Access to clean water is the key to many of the MDG’s, but we believe the primary impact of the Hippo Water Roller is its liberation of women from the daily struggle of transporting water.
A few facts:
- Currently, women in rural Africa transport water in 5-gallon buckets on their heads.
- It is common to walk five to ten miles every day transporting water.
- The buckets are often re-used gasoline and paint containers, risking toxic residue if not properly cleaned.
- After years of carrying water on their heads, women’s spines become severely damaged.
For comparison: I complain even when it’s my turn to take the garbage out to the dumpster. I have never been known to travel more than one mile by foot – and that was only when PE teachers could force me to. My last encounter with a 5-gallon bucket was when we went cherry picking this fall, and it was too heavy for me when it was only 1/4 full.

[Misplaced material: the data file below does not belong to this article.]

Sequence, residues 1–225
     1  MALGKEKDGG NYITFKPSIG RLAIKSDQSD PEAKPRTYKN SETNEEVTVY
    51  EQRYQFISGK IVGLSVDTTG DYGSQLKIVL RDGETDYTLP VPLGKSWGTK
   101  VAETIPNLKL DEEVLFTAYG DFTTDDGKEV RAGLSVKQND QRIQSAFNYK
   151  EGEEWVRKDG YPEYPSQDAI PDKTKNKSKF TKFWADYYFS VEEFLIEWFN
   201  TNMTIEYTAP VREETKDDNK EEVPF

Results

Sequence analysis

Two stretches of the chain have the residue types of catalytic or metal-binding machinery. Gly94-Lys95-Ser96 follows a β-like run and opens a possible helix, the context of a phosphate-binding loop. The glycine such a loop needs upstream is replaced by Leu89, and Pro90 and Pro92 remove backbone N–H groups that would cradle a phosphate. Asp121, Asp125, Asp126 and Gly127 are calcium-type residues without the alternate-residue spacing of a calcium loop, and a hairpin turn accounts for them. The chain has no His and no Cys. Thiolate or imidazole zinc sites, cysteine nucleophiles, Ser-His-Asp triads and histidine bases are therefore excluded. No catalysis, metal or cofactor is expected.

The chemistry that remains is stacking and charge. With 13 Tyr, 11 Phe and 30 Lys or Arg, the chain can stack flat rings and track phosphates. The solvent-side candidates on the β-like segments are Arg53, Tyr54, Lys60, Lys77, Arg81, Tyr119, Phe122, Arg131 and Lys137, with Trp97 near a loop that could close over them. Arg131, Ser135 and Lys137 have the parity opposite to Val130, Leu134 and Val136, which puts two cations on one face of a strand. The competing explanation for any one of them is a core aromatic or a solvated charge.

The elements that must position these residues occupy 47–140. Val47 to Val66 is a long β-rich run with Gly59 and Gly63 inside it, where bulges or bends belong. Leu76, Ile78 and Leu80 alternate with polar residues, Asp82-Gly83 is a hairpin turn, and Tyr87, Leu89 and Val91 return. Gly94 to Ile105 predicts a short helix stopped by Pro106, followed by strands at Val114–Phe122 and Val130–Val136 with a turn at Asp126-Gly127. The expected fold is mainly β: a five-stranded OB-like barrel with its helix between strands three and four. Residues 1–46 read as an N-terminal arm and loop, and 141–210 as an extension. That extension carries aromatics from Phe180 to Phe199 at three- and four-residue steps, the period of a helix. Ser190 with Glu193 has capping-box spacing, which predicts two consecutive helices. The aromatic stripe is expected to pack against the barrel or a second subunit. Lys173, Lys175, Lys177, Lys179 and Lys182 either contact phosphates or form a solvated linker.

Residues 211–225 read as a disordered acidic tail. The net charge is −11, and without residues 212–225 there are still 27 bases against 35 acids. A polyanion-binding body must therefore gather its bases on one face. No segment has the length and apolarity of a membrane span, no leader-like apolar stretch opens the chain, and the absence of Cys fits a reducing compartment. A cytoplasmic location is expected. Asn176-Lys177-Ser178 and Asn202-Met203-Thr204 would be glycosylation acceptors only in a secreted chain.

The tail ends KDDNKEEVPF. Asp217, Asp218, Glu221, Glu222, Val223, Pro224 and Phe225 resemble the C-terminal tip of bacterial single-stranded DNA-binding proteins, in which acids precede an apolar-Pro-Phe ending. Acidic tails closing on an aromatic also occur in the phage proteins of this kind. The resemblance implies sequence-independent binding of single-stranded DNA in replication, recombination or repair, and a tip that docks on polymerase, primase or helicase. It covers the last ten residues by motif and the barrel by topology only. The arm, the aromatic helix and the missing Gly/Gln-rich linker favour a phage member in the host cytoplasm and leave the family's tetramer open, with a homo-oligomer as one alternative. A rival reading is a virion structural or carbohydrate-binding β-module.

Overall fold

With the Hippo Roller, an individual can transport 24 gallons (200 pounds) as if pushing a 22-pound weight. This is enough to provide water for a family of five people for a day, with a single trip. If there are less than five people or if more than one person has a Hippo Roller, excess water can be used to irrigate a home’s vegetable garden.
It also appears that the male fascination with gadgets is universal. Some men have taken over water fetching duties from their wives because they are proud to be seen using the Hippo Roller.
One major design flaw is the price point: $75, which puts it out of reach of those who need it. Hippo Roller has engaged Catapult Design to redesign the water roller to bring down its price point and even add water filtration capabilities so that nearby pathogen-filled streams can be used as water sources as well.
So far, over 30,000 Hippo Rollers have been distributed free of charge to sub-Saharan Africa, made possible by donations from people like you and support from programs like Google’s Project 10^100.